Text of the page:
The Marathon Bombings, Privacy and the Question "Why?"
One thing is clear amidst the shower of confusion and contradiction that bathes the aftermath of the Boston Marathon bombing: the legal and technological structure of a police state is in place and can be quickly activated. As if on cue, while the hunt for the bombers was ongoing, the House of Representatives obligingly enhanced that police state capability by passing the draconian Cyber Intelligence and Protection Act (CIPA). If approved by the Senate and signed by the President, it will greatly expand the government's intrusion into all our lives.
It wasn't a good week for freedom.
Images are always important. They frame our memories and memory is the sketch artist of our consciousness. Here's an image. Boston -- an enduring symbol of this country's democracy, intellectual pursuit and progressive thinking -- is deserted because the government won't let people come out of their homes. Armoured vehicles cruise neighborhoods and people from at least four different agencies or mercenary companies walk the streets with military weapons stopping methodically to pull people from their houses at gunpoint and search them and sometimes their homes. All the while, broad sections of public street and gathering places are under camera surveillance and the government processes that footage and acts on it within hours.
We're not yet in a police state but we can be with a single command. Last week demonstrated that.
It's tough to think clearly when death and destruction hog our minds and when an attack seems so senseless. It's as if logic abandons us and even the attempts by our groping commercial media to attribute these actions to some logical thinking will fail. In the end, we'll probably find that Dzhokhar and Tamerlan Tsarnaev were no more logical in their vision and intent than Adam Lanza, the Sandy Hook killer, or Wade Michael Page, the white supremacist who killed six Sikhs at a Wisconsin temple last year.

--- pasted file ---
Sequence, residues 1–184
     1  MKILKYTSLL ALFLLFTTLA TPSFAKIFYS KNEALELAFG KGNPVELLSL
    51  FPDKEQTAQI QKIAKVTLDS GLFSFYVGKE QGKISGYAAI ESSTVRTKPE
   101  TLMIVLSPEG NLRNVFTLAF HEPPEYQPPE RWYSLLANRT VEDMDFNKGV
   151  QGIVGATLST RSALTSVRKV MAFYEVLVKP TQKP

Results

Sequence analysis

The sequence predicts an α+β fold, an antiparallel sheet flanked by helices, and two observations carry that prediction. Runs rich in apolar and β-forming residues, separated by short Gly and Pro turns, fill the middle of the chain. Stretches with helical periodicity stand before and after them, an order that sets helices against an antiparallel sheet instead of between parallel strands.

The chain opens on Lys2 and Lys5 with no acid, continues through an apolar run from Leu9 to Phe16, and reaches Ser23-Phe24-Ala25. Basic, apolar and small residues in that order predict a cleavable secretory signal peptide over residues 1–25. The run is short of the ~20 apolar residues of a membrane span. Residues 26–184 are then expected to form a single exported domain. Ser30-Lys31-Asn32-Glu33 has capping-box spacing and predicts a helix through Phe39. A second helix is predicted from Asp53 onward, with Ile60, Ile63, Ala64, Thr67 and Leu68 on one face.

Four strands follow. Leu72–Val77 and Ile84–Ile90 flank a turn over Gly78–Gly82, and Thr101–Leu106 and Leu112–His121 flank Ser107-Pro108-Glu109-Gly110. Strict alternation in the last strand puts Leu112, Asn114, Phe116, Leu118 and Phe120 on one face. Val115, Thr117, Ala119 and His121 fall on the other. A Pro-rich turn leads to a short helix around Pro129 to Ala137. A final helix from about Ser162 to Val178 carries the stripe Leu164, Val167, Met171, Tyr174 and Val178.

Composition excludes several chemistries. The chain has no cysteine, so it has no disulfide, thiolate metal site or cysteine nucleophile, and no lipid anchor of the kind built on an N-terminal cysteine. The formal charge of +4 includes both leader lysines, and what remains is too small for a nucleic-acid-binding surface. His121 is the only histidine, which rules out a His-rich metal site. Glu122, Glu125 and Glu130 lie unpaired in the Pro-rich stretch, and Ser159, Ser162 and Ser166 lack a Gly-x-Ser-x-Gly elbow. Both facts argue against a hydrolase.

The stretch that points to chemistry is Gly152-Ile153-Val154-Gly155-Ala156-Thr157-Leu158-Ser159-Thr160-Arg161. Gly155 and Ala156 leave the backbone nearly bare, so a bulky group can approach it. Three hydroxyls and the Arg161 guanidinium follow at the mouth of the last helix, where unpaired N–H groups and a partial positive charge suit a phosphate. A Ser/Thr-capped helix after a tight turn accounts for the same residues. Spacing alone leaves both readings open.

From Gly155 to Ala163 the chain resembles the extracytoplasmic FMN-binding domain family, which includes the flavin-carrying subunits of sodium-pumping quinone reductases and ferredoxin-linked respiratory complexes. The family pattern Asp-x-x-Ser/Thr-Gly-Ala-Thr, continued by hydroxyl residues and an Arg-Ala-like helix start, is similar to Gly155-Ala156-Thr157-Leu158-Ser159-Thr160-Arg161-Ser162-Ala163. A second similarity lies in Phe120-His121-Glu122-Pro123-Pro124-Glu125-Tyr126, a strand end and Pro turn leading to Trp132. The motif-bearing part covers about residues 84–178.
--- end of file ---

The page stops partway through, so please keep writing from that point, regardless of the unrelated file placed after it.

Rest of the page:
Yeah, there's always a "reason" but the reason never really tells us "why". That unanswerable "why" on our lips and in our minds unifies us with the world. It's the very same "why" people ask when a drone plane destroys their homes or when soldiers with guns like the ones carried on Boston's streets come into their houses, scream at them in a language they don't understand, violate their culture and then, in some cases, take them away or kill them on the spot.
In Iraq, there are an estimated 120,000 "why's" that have been screamed and there is no reasonable answer to any of them. What do we tell them? That our government killed their relatives and neighbors and friends because their President, whom they probably hated, had weapons he didn't really have? How "logical" is that response?
Maybe what we need is a world-wide movement asking the question "why?" Maybe one is already forming. Maybe that's why our government responded as it did last week.